Definition of shareholder


What is a shareholder?

A shareholder, also known as a shareholder, is a person, company or institution that owns at least one share of a company, known as capital stock. Since the shareholders are essentially the owners of the business, they reap the benefits of the success of a business. These rewards come in the form of higher stock valuations or as financial gains distributed as dividends.

In contrast, when a company loses money, the price of shares invariably falls, which can cause shareholders to lose money or suffer a decline in their portfolios.

Key takeaways

  • A shareholder is any person, company or institution that owns shares in the shares of a company.
  • A shareholder of a company can have only one share.
  • Shareholders are subject to capital gains (or losses) and / or dividend payments as residual claimants on a company’s earnings.
  • Shareholders also enjoy certain rights, such as voting at shareholders’ meetings to approve board members, dividend distributions, or mergers.
  • In the event of bankruptcy, shareholders can lose up to their entire investment.

Understand the shareholder

A single shareholder who owns and controls more than 50% of the outstanding shares of a company is a majority shareholder. By comparison, those who own less than 50% of a company’s shares are classified as minority shareholders.

In many cases, the controlling shareholders are company founders and, in older companies, the controlling shareholders are usually descendants of the company founders. In any event, by controlling more than half of a company’s voting share, controlling shareholders wield considerable power to influence critical operational decisions, including the replacement of board members and C-level executives such as executive directors (CEOs) and other senior personnel. For this reason, companies often try to avoid having majority shareholders among their ranks.

Also, unlike sole proprietorships or partnerships, corporate shareholders are not personally liable for the debts and other financial obligations of the business. Therefore, if a company becomes insolvent, its creditors cannot target a shareholder’s personal assets.

Important

Shareholders have the right to collect the income that remains after a company liquidates its assets. However, creditors, bondholders, and preferred shareholders take precedence over common shareholders, who may be left with nothing after paying off all debts.

According to the statutes and bylaws of a corporation, shareholders traditionally enjoy the following rights:

  • The right to inspect the books and records of the company.
  • Power to sue the corporation for misdeeds of its directors and / or officers.
  • The right to vote on key corporate matters, such as appointing the directors of the board and deciding whether or not to give the green light to potential mergers.
  • The right to receive dividends
  • The right to attend annual meetings, either in person or via conference call.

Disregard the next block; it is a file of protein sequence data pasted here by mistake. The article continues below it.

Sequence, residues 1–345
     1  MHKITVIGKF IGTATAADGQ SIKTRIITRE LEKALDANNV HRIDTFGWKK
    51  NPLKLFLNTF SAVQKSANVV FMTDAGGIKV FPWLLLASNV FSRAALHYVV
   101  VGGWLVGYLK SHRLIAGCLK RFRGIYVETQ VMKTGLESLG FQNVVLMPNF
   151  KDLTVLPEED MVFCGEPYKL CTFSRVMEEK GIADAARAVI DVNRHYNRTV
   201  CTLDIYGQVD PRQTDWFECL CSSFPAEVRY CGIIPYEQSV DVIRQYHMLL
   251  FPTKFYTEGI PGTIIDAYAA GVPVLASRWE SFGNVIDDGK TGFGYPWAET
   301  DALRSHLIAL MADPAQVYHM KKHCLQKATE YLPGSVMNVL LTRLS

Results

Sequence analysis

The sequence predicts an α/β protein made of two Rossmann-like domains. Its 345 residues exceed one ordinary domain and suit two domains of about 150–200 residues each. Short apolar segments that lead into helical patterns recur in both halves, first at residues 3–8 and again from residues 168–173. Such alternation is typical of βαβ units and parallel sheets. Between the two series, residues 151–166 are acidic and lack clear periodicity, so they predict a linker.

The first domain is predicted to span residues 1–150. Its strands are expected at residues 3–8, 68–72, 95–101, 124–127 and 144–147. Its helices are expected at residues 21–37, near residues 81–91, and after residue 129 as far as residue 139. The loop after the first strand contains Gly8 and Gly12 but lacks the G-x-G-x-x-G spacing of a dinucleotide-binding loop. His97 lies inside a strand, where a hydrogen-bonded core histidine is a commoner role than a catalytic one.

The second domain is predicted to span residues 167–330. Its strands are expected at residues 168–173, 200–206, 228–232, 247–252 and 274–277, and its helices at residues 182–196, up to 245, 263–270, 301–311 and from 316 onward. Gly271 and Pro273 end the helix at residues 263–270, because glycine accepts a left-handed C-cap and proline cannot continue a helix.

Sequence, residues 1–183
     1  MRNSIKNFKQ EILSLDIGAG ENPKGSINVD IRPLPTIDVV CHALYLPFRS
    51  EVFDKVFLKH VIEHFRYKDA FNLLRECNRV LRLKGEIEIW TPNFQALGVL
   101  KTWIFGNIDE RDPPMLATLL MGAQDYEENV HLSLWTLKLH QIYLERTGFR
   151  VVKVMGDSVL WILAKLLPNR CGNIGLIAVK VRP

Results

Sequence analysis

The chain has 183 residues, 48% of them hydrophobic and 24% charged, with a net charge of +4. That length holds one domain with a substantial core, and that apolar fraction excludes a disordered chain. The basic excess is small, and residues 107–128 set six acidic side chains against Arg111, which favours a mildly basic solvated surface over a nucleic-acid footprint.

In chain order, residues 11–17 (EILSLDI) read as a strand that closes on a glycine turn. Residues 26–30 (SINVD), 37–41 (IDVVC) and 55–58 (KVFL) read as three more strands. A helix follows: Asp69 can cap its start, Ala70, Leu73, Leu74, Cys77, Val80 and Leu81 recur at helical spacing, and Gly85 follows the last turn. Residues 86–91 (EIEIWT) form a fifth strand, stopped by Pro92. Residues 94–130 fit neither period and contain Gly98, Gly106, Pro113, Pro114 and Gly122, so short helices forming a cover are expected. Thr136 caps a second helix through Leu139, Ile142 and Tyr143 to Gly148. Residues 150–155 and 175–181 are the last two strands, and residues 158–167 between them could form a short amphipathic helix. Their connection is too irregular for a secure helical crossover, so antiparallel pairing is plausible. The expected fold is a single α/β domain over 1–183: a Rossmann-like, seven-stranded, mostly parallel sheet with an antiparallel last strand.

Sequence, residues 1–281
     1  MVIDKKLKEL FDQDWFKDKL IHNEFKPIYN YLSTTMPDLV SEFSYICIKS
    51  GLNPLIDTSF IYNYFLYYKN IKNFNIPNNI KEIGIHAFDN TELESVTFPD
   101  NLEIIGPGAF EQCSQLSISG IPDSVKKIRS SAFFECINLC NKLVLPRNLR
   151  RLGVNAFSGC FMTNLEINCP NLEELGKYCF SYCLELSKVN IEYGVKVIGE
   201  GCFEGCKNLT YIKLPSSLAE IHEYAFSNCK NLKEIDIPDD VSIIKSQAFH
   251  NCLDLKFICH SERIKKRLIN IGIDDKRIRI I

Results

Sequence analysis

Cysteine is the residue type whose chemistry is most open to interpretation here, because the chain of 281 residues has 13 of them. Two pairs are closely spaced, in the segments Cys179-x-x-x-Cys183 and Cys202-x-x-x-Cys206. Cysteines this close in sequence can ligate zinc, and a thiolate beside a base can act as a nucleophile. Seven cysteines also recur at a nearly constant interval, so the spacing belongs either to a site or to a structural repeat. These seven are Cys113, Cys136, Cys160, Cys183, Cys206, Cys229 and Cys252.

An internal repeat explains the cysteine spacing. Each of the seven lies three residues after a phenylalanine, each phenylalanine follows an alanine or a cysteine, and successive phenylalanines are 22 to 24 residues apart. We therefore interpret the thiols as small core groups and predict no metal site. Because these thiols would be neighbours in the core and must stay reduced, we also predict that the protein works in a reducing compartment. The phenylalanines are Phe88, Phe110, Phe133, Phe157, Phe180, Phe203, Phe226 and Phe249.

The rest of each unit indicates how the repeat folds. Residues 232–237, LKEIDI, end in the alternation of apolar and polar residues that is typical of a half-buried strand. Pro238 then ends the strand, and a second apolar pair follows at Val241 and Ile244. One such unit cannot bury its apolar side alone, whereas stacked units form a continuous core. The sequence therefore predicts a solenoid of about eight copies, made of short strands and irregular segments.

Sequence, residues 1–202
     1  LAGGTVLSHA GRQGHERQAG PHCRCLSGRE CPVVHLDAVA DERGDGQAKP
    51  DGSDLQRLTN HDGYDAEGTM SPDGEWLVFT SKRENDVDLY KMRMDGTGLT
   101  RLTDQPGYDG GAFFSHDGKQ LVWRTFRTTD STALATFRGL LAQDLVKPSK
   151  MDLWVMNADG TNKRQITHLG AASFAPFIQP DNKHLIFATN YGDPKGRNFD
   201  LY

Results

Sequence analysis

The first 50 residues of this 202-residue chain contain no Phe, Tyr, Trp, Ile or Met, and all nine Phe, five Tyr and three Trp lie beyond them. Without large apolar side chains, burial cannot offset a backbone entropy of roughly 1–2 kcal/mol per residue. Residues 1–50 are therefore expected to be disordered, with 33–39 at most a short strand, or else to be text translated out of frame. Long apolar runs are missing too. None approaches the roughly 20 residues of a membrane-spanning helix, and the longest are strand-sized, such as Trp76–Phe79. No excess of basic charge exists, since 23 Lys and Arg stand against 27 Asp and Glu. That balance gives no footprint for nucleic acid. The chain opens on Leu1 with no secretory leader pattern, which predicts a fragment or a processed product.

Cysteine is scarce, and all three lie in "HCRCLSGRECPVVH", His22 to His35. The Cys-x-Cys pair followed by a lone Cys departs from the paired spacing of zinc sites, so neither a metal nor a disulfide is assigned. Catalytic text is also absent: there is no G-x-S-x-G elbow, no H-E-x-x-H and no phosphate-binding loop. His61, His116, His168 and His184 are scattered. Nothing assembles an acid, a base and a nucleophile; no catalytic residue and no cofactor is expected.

• The right to vote on critical issues by proxy, either through mail-in ballots or online voting platforms, if they are unable to attend voting meetings in person.
  • The right to claim a proportionate allocation of income if a company liquidates its assets.

It is a common myth that corporations must maximize shareholder value. While this may be the goal of the management or directors of a company, it is not a legal duty.

Common shareholders vs. preferred shareholders

Many companies issue two types of shares: common and preferred. The vast majority of shareholders are ordinary shareholders, mainly because ordinary shares are cheaper and more abundant than preferred shares. While common shareholders enjoy voting rights, preferred shareholders generally do not have voting rights due to their preferred status, allowing them to earn dividends before common shareholders are paid. Additionally, dividends paid to preferred shareholders are generally more significant than those paid to common shareholders.

What are the two types of shareholders?

A majority shareholder who owns and controls more than 50% of the outstanding shares of a company. These types of shareholders are usually the founders of companies or their descendants. Minority shareholders own less than 50% of the shares of a company, even just one share.

What are some of the key shareholder rights?

Shareholders have the right to inspect the company’s books and records, the power to sue the corporation for misdeeds of its directors and / or officers, the right to vote on critical corporate matters, such as appointing board directors. In addition, they have the right to decide whether or not to green light potential mergers, the right to receive dividends, the right to attend annual meetings, the right to vote on crucial matters by proxy, and the right to claim a proportionate allocation of income. . if a company liquidates its assets.

What is the difference between preferred shareholders and ordinary shareholders?

The main difference between preferred shareholders and ordinary shareholders is that the former does not have the right to vote, while the latter does. However, preferred shareholders have priority over a company’s income, which means that they are paid dividends before common shareholders. Common shareholders are last in line with respect to company assets, which means they will be paid after creditors, bondholders, and preferred shareholders.

www.investopedia.com

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Mark Holland

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